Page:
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In his fictionalized account Of Jack London's last year, author Paul Malmont provides some clarity about the man's mysterious life.


JACK LONDON LIVED AS BOLDLY AS HE WROTE. Born in northern California in 1876, he rarely attended school as a teenager, instead seeking out adventure around the world. He formed a notable career of writing fiction works loosely based on his exploits, setting his novels in Alaska, Hawaii, and other exotic locales then unknown to most Americans. Along with his best-selling books, his daring deeds, rugged good looks, and rumored affairs with beautiful women made him a huge celebrity -- and London’s mysterious death at age 40 only added to his allure.

Author Paul Malmont has reimagined London’s last year in the new book Jack London in Paradise (Simon &; Schuster, $25), a dynamic historical novel grounded in real life. “Paradise” is Hawaii, where London lived with his second wife as he tried to salvage his declining mental and physical health and to rediscover his literary muse before returning to California, where he died in 1916. Throughout the book, London is struggling not only with his own internal demons but also with Hobart Bosworth, a floundering actor and director who wants to adapt a yet-to-be-written London novel to the screen in the hopes of reviving his own career.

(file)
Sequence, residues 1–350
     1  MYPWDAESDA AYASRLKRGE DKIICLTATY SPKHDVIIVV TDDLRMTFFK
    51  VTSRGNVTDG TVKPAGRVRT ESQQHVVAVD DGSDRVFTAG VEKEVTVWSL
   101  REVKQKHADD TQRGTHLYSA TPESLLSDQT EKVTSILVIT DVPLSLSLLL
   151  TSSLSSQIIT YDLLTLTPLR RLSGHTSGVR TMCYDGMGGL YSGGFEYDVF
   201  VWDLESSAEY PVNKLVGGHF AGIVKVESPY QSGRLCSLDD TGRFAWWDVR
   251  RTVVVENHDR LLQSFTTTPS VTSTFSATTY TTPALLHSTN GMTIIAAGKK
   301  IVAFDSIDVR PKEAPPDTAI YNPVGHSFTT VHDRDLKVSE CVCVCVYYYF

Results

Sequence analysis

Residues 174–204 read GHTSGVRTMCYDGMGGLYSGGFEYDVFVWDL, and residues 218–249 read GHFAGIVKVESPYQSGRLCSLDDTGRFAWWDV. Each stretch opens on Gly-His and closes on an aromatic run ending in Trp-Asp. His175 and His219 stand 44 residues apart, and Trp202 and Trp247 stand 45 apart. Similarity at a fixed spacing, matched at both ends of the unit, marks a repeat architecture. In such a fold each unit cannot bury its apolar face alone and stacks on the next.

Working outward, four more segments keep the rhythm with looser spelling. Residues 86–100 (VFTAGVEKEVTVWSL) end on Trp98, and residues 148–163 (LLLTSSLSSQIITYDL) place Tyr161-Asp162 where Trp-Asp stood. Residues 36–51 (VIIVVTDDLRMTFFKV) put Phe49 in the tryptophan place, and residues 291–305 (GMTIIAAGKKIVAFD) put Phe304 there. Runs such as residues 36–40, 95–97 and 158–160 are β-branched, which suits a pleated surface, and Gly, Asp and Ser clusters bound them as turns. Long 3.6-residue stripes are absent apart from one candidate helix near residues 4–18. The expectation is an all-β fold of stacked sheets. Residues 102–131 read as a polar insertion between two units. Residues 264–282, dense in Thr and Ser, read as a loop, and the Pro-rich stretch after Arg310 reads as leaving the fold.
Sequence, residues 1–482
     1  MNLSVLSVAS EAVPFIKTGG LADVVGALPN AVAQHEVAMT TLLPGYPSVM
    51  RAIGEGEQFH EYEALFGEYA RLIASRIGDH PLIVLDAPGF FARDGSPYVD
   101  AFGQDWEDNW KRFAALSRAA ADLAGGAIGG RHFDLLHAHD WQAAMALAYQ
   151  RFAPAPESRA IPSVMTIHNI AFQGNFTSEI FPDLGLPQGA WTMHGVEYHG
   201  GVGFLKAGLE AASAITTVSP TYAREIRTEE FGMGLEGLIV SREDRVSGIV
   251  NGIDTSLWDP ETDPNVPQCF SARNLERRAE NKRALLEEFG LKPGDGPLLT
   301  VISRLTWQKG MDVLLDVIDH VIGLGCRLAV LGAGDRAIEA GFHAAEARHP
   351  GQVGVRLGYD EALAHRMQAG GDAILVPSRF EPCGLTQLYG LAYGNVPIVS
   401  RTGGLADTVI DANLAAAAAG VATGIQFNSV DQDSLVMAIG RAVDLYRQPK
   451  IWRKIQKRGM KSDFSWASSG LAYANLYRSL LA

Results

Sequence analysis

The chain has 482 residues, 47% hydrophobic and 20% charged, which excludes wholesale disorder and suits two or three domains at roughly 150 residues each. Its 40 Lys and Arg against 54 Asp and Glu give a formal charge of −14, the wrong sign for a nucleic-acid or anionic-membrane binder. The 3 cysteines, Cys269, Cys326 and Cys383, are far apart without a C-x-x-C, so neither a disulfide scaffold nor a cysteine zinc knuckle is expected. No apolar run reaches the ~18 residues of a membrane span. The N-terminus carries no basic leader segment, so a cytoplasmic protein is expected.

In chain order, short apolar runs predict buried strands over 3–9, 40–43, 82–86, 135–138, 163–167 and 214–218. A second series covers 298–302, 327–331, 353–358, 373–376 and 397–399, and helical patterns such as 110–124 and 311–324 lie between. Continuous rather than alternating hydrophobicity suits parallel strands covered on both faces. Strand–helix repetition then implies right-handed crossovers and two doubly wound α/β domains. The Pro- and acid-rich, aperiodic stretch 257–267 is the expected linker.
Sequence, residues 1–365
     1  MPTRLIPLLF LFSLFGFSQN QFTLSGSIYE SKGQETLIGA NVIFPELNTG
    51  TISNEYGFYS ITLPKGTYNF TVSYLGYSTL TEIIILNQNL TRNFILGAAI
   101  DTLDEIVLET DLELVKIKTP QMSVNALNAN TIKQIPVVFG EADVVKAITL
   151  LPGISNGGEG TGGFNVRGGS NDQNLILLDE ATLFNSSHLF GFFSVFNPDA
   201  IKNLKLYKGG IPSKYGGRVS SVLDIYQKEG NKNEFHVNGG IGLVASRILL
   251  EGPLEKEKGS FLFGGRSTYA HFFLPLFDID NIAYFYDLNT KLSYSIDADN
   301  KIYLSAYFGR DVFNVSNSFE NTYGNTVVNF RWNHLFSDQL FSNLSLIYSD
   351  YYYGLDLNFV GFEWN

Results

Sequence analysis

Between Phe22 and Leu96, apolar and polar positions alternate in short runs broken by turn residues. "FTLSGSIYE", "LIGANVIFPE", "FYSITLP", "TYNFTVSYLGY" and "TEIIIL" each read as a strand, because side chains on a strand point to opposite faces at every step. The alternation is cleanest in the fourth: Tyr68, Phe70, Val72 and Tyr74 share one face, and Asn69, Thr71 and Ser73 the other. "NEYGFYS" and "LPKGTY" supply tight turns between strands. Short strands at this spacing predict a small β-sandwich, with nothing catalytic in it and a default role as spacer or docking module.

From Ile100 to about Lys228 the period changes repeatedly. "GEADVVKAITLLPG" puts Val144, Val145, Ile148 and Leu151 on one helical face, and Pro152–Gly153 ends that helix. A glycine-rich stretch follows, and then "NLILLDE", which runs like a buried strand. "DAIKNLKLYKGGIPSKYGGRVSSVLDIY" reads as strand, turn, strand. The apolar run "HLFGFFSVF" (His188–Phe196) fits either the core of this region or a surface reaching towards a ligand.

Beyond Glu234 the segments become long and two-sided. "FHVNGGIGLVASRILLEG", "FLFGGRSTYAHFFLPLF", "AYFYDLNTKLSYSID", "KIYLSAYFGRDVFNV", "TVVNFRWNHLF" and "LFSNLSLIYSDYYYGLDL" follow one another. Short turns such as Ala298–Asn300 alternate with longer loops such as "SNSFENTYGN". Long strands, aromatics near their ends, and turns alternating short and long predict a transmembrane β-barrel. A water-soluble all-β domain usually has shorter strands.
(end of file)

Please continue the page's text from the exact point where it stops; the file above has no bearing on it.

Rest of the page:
Although the descriptions of the book’s characters are remarkably three-dimensional, the most vivid depiction is that of Hawaii itself, which is portrayed as it was years before it became a state. As World War I raged elsewhere around the globe, Hawaii remained mostly remote -- a wilderness of flora and fauna, with customs and languages unfamiliar to Americans on the distant mainland. Though natives feared at the time that the encroaching tourist resorts and big corporations were threatening their paradisiacal homeland, London thought the islands would be the cure for what ailed him. An advertising copywriter by trade, Malmont has only one previous novel, The Chinatown Death Cloud Peril, which received positive reviews but not a great deal of recognition. His second effort -- with its impressive research, richly imagined scenes, compelling prose, and attention-grabbing protagonist -- is poised to break him out.